initially approached the Big Five accounting firms -- and was uniformly rejected
for what the bean-counters deemed an unnecessarily "controversial"
activity. A second-tier but still sizable accounting firm, BDO Seidman, did
agree to take on the job.
Tongues soon started clucking about why the Herald
had declined to join up with the others, an act that would have created
unanimity and hence added credibility to the consortium effort. But the Herald
was dedicated to controlling its own project, and it wasn't about to share
information with its main competitor. The Herald
told consortium members that it would not participate if the Sun-Sentinel,
an aggressive turf challenger based in neighboring Broward county, was included.
"We're highly competitive with them," explains the
executive editor, Martin Baron. "The consortium came to us and asked us what are
the terms under which there could be a partnership. We gave them an honest
response: We didn't feel we could be partners with everyone in the consortium."
was ultimately joined in its survey by USA
Soon, though, the Herald
faced more criticism. In January, Slate
published "The Miami
Blows Its Pulitzer." Writer Mickey Kaus chided the paper for not counting
overvotes, declaring "any recount that doesn't include the overvotes is an
incomplete recount." Kaus had pointed out that although the Herald's count
will certainly address the "real world" recount scenario, it won't
answer the important question of who really won the election. Kaus quoted The
Journal's Washington bureau chief, Alan Murray, suggesting that the Herald
took the "cheap" way out in counting only the approximately 60,000
undervotes rather than all of Florida's 180,000 disputed ballots, including
overvotes. The Miami paper, the argument went, was more interested in a scoop
than in getting the whole story.
This infuriated Baron, who said the Herald's point was to simulate the original,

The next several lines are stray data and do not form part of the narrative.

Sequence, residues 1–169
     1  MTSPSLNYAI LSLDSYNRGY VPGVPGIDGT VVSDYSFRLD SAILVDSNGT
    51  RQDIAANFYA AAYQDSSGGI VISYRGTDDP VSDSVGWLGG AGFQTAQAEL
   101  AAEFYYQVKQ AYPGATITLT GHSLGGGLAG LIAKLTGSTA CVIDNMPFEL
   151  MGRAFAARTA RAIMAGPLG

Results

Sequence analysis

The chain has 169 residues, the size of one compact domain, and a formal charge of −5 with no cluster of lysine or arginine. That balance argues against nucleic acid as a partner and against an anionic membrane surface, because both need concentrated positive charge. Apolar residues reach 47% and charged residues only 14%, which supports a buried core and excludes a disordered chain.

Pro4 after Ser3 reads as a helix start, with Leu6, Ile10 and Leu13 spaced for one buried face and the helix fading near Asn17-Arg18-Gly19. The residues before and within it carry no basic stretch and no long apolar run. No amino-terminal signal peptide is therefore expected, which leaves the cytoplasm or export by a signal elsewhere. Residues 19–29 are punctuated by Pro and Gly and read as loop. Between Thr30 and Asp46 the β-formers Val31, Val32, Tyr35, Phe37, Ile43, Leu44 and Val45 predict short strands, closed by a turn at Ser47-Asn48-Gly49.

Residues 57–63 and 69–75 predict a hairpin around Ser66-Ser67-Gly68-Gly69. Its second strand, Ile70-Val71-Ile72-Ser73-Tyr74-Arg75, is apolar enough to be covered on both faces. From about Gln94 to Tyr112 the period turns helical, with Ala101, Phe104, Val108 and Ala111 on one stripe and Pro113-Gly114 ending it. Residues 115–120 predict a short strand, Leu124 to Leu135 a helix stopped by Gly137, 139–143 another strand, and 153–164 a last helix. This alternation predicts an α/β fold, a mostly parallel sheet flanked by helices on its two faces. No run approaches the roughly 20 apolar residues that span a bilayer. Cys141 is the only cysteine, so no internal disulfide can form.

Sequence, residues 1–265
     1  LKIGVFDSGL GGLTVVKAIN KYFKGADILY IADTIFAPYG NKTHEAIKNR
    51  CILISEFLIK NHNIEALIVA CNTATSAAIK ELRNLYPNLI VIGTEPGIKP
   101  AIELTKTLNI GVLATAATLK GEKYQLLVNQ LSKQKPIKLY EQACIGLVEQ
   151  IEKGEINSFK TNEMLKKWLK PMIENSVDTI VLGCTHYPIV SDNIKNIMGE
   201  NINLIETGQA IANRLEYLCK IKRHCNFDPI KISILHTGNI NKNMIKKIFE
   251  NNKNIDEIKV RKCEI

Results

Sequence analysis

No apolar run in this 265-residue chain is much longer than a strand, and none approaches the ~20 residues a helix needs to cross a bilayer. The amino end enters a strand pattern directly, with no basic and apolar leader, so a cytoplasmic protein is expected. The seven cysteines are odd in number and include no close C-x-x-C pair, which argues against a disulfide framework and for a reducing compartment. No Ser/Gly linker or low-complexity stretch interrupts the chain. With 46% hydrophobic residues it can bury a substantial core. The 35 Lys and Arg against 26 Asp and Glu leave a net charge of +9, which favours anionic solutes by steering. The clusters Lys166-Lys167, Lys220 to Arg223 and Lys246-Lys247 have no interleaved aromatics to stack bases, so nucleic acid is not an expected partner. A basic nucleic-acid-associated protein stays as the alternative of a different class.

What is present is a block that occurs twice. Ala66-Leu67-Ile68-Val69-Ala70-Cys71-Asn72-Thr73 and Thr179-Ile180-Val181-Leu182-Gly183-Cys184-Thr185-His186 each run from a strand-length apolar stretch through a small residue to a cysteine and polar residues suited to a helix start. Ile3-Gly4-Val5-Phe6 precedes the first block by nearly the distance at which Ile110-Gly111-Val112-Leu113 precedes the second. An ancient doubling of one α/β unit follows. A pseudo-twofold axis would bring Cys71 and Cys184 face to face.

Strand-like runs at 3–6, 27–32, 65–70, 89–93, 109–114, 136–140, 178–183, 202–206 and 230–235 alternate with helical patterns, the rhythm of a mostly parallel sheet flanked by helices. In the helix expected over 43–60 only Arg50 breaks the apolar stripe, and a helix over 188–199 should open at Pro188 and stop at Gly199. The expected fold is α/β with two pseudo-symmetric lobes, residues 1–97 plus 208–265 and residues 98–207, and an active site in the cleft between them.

court-mandated recounts (they revolved around undervotes only, which is all that
Team Gore had asked for) and not to predict what might have happened had
overvotes been included. And he saw a deeper problem with the criticism:
"Since when do people in the media think there should be only one source of
information? It's almost unprecedented. I'm not aware of another example where
media organizations think it's inappropriate for media organizations to embark
on their own projects." Baron argued that the Herald,
which won a Pulitzer in 1999 for investigating vote fraud in Miami, was once
again out front, publishing a raft of investigative pieces on everything from
poor-quality voting machines to evidence that more than 2,000 Floridians voted
illegally in November's election.
Still, the Herald
found it increasingly necessary to consider the overvote, and, three days after
telling me that the paper was considering "looking" at those ballots,
it ran its own "analysis" on overvotes, supported by a study by a
professor from the University of California. The professor found that "as
many as 1,700" voters in Miami-Dade invalidated their presidential ballots
because they mistakenly punched the chad below the one corresponding to their
By February, when I visited the first formal day of the consortium's recount,
was far ahead, having already polished off most of the state's undervote. The
consortium, though rushing late out of the gates and examining a far larger
number of ballots, came with superior financial resources and numerical
strength, as well as NORC's vaunted technical expertise.
While the Herald's work involved one accountant and one reporter in each county,
NORC would have multiple teams at a site, each consisting of three tabulators,
or "coders," plus a supervisor. Dan Keating, The
Post's database editor, said that having three people look at the ballots gives
the review more statistical validity. "We wanted to create the definitive
data source," he said. Requiring more than one person to examine each
ballot will also help illuminate the degree of subjectivity involved in manual
recounts, Keating notes. "The people at NORC are excited because they will
do their own analysis on inter-coder reliability, to see whether two people
looking at the same thing see the same thing."
But they were very privately excited. When I asked Kirk Wolter, NORC's senior
vice president of statistics and methodology, where the consortium planned to be
conducting ballot examinations in coming days so that the magazine might drop
by, he declined to say. The
Post's Keating, similarly echoing concerns of "a media circus," noted